Mar 02, 2012

Abkhazia: New Species of Animal Discovered in Cave

Four new species of animal have been discovered by a team of Spanish-Russian researchers in a 2km deep cave in Abkhazia.

Below is an article published by Basque Research:

Four new species of arthropods, identified at the University of Navarra, have been found in the deepest cave in the world, at a depth of 2,191 metres.

A Spanish-Russian expedition has identified four new species of animals in a cave in the region of Abkhazia, near the Black Sea. It is the deepest in the world, at 2,191 metres. Two of these species were found at the deepest point.

The team formed by researchers Sofía Reboleira, from the University of Aveiro (Portugal), Alberto Sendra, from the Valencia Museum of Natural Science -jointly in charge of the expedition -; and University of Navarre zoologists, Rafael Jordana and Enrique Baquero, who identified and described the new species.

All the new species belong to collembola (springtails), a group of numerous arthropods which are close to insects, arachnids and crustaceans. They are characterised by having an external skeleton and appendixes (articulated legs, antennae, etc.), besides a special organ for springing called a furca. Due to their cave way of life, the four new species possess specific characteristics for surviving in extreme subterranean conditions, such as the total absence of light and scarce availability of food resources.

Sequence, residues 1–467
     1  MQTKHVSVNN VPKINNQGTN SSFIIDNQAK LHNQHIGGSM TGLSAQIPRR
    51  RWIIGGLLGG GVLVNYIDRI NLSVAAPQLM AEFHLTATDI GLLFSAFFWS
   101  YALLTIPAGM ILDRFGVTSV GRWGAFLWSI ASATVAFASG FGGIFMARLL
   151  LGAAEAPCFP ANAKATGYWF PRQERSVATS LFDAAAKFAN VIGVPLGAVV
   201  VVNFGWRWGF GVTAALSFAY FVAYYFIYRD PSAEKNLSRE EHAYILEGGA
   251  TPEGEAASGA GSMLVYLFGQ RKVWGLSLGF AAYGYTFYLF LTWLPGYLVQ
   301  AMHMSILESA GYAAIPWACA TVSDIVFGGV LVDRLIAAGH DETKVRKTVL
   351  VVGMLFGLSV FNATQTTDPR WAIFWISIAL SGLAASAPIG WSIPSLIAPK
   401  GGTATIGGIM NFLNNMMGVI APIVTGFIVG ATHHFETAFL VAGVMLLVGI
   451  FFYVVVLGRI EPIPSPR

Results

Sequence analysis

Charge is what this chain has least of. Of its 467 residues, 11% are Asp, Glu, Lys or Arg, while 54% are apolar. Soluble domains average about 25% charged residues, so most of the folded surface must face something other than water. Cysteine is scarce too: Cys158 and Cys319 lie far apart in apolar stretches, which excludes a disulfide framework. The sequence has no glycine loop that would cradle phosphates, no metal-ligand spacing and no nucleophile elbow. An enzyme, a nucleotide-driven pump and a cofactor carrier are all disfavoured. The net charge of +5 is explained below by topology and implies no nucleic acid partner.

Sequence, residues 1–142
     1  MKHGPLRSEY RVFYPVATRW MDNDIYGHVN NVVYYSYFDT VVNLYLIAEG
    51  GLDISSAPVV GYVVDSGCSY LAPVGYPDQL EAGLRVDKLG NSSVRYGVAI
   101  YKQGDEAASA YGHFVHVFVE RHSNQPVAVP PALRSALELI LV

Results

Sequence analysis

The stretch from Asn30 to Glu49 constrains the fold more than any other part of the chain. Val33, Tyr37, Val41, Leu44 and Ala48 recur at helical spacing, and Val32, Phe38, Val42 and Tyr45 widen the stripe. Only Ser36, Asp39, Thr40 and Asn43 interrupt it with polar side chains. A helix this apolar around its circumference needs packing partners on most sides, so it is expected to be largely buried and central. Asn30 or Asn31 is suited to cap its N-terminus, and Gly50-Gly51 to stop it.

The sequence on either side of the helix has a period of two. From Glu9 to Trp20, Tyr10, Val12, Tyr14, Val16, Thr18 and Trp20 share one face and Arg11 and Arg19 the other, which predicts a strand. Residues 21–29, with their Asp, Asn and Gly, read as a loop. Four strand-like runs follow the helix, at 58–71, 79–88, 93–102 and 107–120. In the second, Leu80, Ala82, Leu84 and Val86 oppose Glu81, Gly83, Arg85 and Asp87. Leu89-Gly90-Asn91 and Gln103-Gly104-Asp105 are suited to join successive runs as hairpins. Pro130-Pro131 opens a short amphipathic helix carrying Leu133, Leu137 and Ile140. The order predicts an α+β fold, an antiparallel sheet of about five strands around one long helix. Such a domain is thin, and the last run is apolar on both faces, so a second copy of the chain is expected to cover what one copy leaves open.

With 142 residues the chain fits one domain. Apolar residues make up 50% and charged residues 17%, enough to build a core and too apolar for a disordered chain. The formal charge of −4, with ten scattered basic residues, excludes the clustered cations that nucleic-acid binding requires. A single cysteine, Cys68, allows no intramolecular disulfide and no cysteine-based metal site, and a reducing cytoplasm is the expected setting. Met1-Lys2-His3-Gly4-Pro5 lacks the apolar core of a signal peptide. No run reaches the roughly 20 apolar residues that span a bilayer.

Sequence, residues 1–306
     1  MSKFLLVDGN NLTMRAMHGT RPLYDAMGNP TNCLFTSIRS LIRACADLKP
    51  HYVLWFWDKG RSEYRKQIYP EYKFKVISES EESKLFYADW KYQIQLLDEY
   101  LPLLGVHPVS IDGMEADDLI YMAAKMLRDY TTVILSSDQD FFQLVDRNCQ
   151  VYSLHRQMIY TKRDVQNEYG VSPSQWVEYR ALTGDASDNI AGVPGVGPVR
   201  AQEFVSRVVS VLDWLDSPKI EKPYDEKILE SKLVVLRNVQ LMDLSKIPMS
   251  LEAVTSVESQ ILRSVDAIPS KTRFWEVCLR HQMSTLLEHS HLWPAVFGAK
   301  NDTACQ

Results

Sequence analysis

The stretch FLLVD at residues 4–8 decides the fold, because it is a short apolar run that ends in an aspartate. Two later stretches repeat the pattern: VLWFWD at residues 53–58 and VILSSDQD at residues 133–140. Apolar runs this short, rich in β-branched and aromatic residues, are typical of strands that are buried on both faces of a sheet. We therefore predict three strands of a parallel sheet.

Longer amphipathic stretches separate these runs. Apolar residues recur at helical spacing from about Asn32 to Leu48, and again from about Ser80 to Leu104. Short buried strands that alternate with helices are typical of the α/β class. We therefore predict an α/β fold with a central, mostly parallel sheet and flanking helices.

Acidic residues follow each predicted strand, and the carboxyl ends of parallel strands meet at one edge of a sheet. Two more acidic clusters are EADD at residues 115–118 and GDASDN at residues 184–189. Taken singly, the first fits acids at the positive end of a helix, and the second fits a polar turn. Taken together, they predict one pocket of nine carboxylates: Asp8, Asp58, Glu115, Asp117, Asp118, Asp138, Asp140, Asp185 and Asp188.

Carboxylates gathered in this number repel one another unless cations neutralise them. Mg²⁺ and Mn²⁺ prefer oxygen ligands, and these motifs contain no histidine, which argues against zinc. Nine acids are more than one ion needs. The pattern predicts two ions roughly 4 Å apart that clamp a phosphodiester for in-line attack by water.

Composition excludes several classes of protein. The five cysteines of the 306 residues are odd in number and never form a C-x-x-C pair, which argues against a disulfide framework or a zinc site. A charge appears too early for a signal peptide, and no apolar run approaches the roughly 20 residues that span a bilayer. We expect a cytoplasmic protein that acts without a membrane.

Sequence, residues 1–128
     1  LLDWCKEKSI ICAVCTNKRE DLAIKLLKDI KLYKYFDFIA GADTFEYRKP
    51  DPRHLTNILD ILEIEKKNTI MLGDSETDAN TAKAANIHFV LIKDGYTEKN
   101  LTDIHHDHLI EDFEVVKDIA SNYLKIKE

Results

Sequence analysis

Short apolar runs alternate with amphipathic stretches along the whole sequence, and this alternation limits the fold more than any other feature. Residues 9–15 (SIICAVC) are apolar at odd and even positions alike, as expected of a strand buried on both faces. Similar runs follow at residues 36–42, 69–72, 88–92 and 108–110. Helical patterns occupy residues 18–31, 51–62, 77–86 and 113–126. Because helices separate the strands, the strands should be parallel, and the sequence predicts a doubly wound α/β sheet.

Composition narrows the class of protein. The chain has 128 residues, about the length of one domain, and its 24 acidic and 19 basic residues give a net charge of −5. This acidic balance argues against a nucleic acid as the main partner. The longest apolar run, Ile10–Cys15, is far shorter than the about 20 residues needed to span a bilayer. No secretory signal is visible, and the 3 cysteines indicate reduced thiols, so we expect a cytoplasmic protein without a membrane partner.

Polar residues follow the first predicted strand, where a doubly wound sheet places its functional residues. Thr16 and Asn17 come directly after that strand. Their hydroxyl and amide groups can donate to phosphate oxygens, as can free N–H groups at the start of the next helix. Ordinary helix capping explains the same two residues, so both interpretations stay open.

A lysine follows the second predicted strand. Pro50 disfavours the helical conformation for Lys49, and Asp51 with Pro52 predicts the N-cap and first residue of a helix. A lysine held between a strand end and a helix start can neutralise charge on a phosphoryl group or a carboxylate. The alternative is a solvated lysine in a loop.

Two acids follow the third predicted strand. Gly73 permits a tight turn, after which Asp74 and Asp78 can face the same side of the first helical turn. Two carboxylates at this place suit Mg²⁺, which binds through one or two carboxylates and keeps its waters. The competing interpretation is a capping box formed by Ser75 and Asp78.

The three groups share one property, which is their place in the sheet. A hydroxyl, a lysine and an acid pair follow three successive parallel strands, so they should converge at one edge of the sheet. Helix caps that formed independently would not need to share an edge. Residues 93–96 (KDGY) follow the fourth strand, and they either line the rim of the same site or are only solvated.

"As a response to these conditions, none of the animals have eyes and also lack pigmentation (colour). Moreover, one of the species has developed a chemoreceptor - a kind of chemical parabolic antenna – that enables it to move in such a complicated environment”, explained Enrique Baquero, zoologist and lecturer in the Masters course in Biodiversity, Landscape and Sustainable Development at the University of Navarra, and one of the authors of the research.

The scientific research describing the findings has just been published in TAR (Terrestrial Arthropod Reviews), from the Brill publishing company. According to Enrique Baquero, the presence of these species in such a rough environment can be explained by the presence of organic material. “They feed off fungi that grow on organic material, contributing to their decomposition and taking part in the network of stable communities of arthropods existing in the caves”.

Each of the species, the individuals of which measure between 1 and 4 millimetres, was found at a specific depth. Their names are Anurida stereoodorata, Deuteraphorura kruberaensis, Schaefferia profundísima and Plutomurus ortobalaganensis., the last two found at the greatest depth of 1,980 metres below the surface.

The Krubera-Voronya cave is the only one worldwide over two kilometres deep. Despite numerous expeditions and attempts, this is the first to describe its fauna.